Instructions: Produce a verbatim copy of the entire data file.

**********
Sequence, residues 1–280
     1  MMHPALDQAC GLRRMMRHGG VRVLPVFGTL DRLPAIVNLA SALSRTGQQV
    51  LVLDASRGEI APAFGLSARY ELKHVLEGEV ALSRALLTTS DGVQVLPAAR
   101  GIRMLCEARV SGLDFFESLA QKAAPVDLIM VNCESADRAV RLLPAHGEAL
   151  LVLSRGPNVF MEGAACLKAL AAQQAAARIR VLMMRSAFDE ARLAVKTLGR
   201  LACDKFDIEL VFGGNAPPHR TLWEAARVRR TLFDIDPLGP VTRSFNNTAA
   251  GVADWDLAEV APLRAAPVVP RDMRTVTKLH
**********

Sequence, residues 1–280
     1  MMHPALDQAC GLRRMMRHGG VRVLPVFGTL DRLPAIVNLA SALSRTGQQV
    51  LVLDASRGEI APAFGLSARY ELKHVLEGEV ALSRALLTTS DGVQVLPAAR
   101  GIRMLCEARV SGLDFFESLA QKAAPVDLIM VNCESADRAV RLLPAHGEAL
   151  LVLSRGPNVF MEGAACLKAL AAQQAAARIR VLMMRSAFDE ARLAVKTLGR
   201  LACDKFDIEL VFGGNAPPHR TLWEAARVRR TLFDIDPLGP VTRSFNNTAA
   251  GVADWDLAEV APLRAAPVVP RDMRTVTKLH